View of windward Oahu from the Pali Lookout and of the things to see driving on Oahu.

View of windward Oahu from the Pali Lookout.

Hidden Hotspots on Oahu

Queen Lili'oukalani Gardens, one of the hidden hotspots on Oahu.

Waterfall at Queen Lili’oukalani Botanical Garden, one of the hidden hotspots on Oahu.

Finding the Hidden Hotspots on Oahu

Like to take the path less taken whenever you travel? If so, the Gathering Place of Oahu has many such locales. Looking for a less crowded, out of the way attraction or some great eating place that only the local residents know about? If so, this Hawaiian Island definitely has them. Here are our recommendations for such hidden hotspots on Oahu.

Lili’oukalani Botanical Garden

Right outside downtown Honolulu in the middle of a secluded residential area is an idyllic botanical garden. It once served as the private park of Hawaii’s Queen Lili’oukalani. In an area shaded by monkeypod trees and Hawaiian plants, you can find a small but beautiful waterfall and pond. They are surrounded by a small but picturesque park. It’s a perfect place for a picnic and some scenic picture taking. But you’d better bring some mosquito repellent. Plus, parking is here very limited.

More hidden hotspots on Oahu

View from Diamond Head summit.

Diamond Head Lookout

Conveniently situated near Waikiki, there is a trail that starts from inside Diamond Head Crater that leads to its summit. The stimulating hike up the trail can take anywhere from 30 to 45 minutes, which will take you through a winding maze of old World War I coastal defense fortifications, dimly-lite tunnels and steep, long stairwells. Once you reach the summit, you will be rewarded by some of the best commanding views of Waikiki and its surrounding areas. It’s also a favorite place to watch the beautiful Hawaiian sunrise.

One of the hidden hotspots on Oahu

View of Honolulu on way to Pu’u Ualaka’a State Park.

Pu’u ‘Ualaka’a State Park on Tantalus

Located in the Makiki area of Honolulu, this state park offers arguably the best panoramic views of Hawaii’s capital city, Honolulu. To get here, you’ll have to drive through winding road lined with homes perched on hillside properties. After you see the gate to the park, drive past it up the hill. Once you reach the parking lot, walk a few feet to a covered observation area and then take in the majestic views of Hawaii’s largest and most vibrant city. As this place is higher up in elevation and blessed with cool winds, it’s a great place to hang out on a warm and humid summer day.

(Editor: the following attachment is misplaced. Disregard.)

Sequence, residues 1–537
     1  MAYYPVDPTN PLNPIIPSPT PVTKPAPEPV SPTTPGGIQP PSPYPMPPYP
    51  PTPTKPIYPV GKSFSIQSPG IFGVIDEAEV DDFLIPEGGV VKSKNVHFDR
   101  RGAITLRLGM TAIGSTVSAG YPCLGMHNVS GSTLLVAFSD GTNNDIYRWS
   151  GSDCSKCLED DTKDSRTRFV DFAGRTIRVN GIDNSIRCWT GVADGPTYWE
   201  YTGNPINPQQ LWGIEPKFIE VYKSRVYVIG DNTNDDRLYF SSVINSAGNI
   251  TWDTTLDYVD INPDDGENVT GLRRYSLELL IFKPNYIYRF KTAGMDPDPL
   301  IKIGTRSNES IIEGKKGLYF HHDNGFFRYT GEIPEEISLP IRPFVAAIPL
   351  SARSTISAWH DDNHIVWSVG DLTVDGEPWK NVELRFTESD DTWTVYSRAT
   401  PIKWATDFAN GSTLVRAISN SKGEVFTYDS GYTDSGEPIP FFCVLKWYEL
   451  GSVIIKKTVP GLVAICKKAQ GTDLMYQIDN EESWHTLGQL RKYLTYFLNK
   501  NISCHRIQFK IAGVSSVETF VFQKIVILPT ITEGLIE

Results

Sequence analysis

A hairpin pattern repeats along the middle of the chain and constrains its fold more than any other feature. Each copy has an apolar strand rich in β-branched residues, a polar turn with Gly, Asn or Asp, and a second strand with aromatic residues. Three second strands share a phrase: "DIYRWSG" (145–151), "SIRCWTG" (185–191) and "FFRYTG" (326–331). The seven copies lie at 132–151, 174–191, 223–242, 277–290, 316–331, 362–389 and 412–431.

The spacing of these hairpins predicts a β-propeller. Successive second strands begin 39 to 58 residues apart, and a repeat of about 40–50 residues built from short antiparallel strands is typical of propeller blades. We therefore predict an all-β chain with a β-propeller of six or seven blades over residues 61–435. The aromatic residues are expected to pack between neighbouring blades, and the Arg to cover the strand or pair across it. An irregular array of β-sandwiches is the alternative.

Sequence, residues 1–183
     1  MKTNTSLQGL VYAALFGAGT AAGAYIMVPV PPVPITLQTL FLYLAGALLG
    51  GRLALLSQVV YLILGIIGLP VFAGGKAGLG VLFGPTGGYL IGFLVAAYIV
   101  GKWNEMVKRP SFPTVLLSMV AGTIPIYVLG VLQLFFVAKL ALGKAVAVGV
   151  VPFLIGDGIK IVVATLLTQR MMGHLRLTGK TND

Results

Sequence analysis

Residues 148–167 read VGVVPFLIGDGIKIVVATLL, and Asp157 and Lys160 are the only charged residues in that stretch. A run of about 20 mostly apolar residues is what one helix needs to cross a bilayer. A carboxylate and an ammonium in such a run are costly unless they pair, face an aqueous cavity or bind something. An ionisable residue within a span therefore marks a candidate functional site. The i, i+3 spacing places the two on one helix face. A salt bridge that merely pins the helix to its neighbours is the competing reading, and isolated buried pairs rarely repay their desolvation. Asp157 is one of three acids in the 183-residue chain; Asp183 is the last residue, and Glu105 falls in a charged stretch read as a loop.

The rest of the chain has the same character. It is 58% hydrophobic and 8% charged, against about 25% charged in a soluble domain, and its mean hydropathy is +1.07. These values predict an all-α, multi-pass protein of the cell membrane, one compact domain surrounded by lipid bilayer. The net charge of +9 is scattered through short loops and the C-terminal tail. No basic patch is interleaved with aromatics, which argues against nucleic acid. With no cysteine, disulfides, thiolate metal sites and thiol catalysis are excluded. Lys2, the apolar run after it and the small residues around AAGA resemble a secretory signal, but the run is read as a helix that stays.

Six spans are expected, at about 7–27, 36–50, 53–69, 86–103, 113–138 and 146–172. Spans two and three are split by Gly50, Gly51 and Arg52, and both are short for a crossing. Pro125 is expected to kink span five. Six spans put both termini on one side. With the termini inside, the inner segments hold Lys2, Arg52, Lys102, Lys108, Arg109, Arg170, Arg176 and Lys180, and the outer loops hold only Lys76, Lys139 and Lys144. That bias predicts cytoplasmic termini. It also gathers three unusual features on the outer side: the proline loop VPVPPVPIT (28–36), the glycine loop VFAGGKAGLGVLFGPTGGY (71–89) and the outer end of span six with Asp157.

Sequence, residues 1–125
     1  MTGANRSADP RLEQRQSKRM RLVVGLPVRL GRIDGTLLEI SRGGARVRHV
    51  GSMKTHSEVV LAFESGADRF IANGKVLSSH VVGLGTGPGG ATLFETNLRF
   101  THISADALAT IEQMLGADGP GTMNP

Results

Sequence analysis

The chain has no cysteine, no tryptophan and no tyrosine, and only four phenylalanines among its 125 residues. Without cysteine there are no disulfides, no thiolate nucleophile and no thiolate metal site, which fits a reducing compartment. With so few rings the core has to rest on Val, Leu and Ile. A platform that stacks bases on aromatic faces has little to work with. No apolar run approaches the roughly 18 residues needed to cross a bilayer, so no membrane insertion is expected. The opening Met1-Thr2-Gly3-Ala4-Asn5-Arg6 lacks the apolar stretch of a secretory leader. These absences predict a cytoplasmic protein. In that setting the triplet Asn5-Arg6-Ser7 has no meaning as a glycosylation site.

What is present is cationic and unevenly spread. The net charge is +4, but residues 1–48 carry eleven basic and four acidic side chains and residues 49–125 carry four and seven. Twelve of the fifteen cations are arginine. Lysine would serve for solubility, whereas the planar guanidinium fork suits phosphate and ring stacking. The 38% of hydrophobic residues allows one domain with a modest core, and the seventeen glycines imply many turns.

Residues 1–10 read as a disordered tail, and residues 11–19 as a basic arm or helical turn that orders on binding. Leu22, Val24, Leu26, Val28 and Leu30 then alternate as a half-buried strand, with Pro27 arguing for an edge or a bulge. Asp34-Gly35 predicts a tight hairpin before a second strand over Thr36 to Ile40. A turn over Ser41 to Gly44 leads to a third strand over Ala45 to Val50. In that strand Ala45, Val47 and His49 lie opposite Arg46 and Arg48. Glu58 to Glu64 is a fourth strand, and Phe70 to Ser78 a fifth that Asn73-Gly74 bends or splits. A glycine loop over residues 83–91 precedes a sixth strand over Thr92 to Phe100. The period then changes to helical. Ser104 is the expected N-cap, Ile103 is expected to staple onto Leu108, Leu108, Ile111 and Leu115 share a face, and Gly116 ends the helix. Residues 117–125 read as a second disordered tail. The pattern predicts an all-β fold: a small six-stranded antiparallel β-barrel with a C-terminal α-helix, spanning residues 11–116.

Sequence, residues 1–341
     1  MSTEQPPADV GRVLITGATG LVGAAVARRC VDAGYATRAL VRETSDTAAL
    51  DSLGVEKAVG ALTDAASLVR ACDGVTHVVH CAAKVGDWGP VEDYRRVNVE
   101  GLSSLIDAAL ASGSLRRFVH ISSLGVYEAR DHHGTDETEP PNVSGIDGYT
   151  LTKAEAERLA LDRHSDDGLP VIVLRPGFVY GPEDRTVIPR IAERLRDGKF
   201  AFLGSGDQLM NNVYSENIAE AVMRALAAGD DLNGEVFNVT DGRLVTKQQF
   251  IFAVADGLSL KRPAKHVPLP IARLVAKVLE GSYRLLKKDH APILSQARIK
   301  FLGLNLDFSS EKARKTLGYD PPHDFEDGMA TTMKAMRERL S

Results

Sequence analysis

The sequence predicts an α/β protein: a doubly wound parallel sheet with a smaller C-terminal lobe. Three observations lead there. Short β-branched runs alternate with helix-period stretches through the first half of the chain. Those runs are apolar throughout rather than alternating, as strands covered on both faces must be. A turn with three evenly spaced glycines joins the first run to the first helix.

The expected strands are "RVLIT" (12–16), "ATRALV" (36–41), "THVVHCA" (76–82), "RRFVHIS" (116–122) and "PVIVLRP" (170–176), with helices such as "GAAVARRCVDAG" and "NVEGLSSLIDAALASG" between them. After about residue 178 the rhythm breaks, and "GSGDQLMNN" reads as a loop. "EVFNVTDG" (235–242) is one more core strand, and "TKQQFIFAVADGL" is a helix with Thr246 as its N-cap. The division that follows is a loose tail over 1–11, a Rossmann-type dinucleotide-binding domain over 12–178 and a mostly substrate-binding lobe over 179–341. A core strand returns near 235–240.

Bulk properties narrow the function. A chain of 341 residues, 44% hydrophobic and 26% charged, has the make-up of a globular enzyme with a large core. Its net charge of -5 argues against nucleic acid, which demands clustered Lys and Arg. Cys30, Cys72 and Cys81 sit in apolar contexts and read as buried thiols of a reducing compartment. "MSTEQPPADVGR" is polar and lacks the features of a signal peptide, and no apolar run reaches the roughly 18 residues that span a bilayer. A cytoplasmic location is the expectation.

Ka’ena Point

Found on Oahu’s most extreme northwestern point, Ka’ena Point is an isolated spot on the island and features some of Hawaii’s most rare endemic coastal plant life. It’s also a great spot to view native Hawaiian seabirds as well as to catch a glimpse of the endangered Hawaiian monk seal basking on the seashore. Be prepared to do a bit of hiking as the paved road ends as you get closer to the point. Be aware that you should not enter the water here as the surf is very rough and because there is a very dangerous rip current offshore.

Eat the Street

Since 2011, on the last Friday of each month from 4:00 pm to 9:00 pm, the who’s who of Honolulu’s food trucks vendors converge in the Ka’akako area, which is conveniently located near Waikiki, to offer a wide range of prepared foods. The food types on display here range from your typical Hawaii plate lunch fare to fancy gourmet dishes. This monthly has grown to become one of the most popular food gatherings in town.

Helena’s Hawaiian Food

This iconic hole-in-the-wall place that specializes in Hawaiian food has been prominently featured on national TV. Why? Because if you like Hawaiian food, many locals will tell you that this is the place to go. It’s located in the Kalihi area of town an older unassuming wooden building on School Street. However, be aware when you go here that parking is very limited and service is first come first served. Plus, it only opens from Tuesdays to Fridays until 7:30 pm.